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The Day After The Day After

Thursday, November 04, 2004
I spent all of yesterday in a state of shock. I was not alone. I truly believed that John Kerry was going to be elected President, and quite comfortably. When the exit polls came out and the lines at the voting booths were long, I was exhilarated, which made the result all the worse. I feel as if someone has died. I feel I have been betrayed by my fellow citizens, that I am an exile in my own country. I do not believe that I am alone in those feelings.

I was wrong in my prediction of a Bush defeat, obviously. Why was I wrong? Why did Kerry lose? Well let me first begin saying why we did not lose. We did not run the wrong candidate- John Kerry did better than any other potential nominee would have done. He unified the party, dismantled Bush in the debates, ran an aggressive campaign, and had a compelling biography. Kerry is a man of dignity and integrity. He was our nominee because he was the best candidate and the best potential President. We should not feel any shame for our choice. We did the right thing.

We also did not lose because we didn't work hard enough. God knows that is true. People who had never been involved in politics before committed themselves to this campaign. We actually outraised and outspent the Republicans, something no one thought was possible. We buried our differences and moved into the campaign with confidence and discipline. We did virtually everything right.

So why did Bush win anyway, with such a manifestly failed term as President? A failed war, a declining economy, scandal, embarrassing debate performances, shouldn't those have been enough? I certainly thought so, particularly given the net negative ratings on Bush's re-election and the direction of the country. But there were compensating factors I did not take sufficiently into account.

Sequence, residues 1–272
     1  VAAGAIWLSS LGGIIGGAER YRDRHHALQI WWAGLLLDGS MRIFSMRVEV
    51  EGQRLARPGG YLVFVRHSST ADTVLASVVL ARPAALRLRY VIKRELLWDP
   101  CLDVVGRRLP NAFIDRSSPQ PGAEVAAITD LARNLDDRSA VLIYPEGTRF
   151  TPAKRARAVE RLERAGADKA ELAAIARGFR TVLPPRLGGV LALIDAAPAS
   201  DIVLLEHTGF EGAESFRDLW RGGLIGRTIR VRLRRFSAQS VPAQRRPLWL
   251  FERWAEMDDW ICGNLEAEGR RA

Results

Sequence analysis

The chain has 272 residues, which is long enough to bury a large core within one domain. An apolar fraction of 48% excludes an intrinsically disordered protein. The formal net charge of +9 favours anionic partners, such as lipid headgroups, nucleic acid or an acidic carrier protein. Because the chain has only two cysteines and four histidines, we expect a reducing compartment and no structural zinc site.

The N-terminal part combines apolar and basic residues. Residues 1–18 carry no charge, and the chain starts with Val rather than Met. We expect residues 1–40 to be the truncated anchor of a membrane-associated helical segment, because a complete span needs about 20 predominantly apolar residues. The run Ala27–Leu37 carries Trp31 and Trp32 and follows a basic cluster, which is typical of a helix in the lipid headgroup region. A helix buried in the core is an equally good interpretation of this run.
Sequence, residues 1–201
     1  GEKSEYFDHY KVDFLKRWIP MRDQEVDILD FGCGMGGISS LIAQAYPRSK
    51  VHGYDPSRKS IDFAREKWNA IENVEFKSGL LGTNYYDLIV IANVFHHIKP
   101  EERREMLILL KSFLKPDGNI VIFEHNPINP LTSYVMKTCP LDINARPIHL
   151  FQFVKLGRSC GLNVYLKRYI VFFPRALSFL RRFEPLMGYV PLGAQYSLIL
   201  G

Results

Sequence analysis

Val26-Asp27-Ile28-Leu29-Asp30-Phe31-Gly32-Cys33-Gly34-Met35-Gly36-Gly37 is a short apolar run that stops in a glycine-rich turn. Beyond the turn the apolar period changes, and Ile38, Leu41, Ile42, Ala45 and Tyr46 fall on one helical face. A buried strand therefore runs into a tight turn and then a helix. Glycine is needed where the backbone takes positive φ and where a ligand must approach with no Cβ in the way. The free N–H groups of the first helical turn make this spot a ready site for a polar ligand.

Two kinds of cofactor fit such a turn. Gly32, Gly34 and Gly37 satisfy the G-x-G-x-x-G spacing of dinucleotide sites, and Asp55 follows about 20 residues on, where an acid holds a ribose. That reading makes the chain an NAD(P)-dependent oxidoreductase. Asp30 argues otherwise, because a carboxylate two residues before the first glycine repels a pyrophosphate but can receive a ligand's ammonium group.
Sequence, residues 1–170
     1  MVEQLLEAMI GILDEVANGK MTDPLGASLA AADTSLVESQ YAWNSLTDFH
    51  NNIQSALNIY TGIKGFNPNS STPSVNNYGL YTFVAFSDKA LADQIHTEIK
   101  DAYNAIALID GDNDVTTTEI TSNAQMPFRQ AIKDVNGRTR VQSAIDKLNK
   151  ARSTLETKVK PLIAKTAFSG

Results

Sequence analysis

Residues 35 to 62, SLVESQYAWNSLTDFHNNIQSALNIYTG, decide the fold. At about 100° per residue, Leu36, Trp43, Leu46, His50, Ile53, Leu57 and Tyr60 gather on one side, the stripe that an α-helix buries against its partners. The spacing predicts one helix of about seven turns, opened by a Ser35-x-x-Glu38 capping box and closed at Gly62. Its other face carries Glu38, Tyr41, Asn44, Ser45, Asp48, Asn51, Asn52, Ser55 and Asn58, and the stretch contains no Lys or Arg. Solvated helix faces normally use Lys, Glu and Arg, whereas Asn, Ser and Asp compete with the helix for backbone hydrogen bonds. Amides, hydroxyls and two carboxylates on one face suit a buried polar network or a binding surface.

The first such factor is the importance of the war mentality. Voters do not throw out Presidents in the middle of a war, apparently no matter how incompetently it is managed. The War of 1812 did not defeat Madison, the Civil War did not defeat Lincoln, Vietnam did not defeat Nixon. I don't know if this is admirable tenacity or foolish pigheadedness.

9/11 got Bush re-elected and nothing else. After that event, voters were afraid. In their fear they wanted a strong leader to protect them, so they projected those characteristics onto the man they had. He was terribly unsuited to the role and has consistently bungled, but they invested him with those characteristics anyway. Bush and his strategists skillfully maintained that climate of fear in order to consolidate their political position. That fear got them re-elected. Hobbes knew that personal security trumped every other value- equality, liberty, community, whatever. It is the essential prerequisite. By encouraging fear, Bush, like all aspiring dictators, was able to appeal to the herding instinct in the human psyche. It gave him his victory.

The second key factor is cultural wedge issues. As many writers have noted in the last two days, many working-class voters supported Bush despite their poor economic circumstances. Democrats have made some rhetorical progress in these areas, but the Republicans have continued to split the Democratic electoral coalition with appeals to symbolic issues: gays, guns, abortion, etc. We all knew that these issues were a danger. As liberals, we all believed that class trumps everything else. We forgot that Weber noted that class is about more than just income- it is also related to social position and ethnic and religious identities.

Both of these factors are likely to persist. The War of Terror is going to remain with us- there is no state to defeat, and the Bush Administration's policies are worsening fundamentalist terrorism rather than curtailing it. And the wedge issues will continue to exist. We must recognize that neither of these objective circumstances is likely to change. We are going to have to figure out how to deal with both. Until we do so, we will continue to lose.
Posted by Arbitrista @ 6:36 AM
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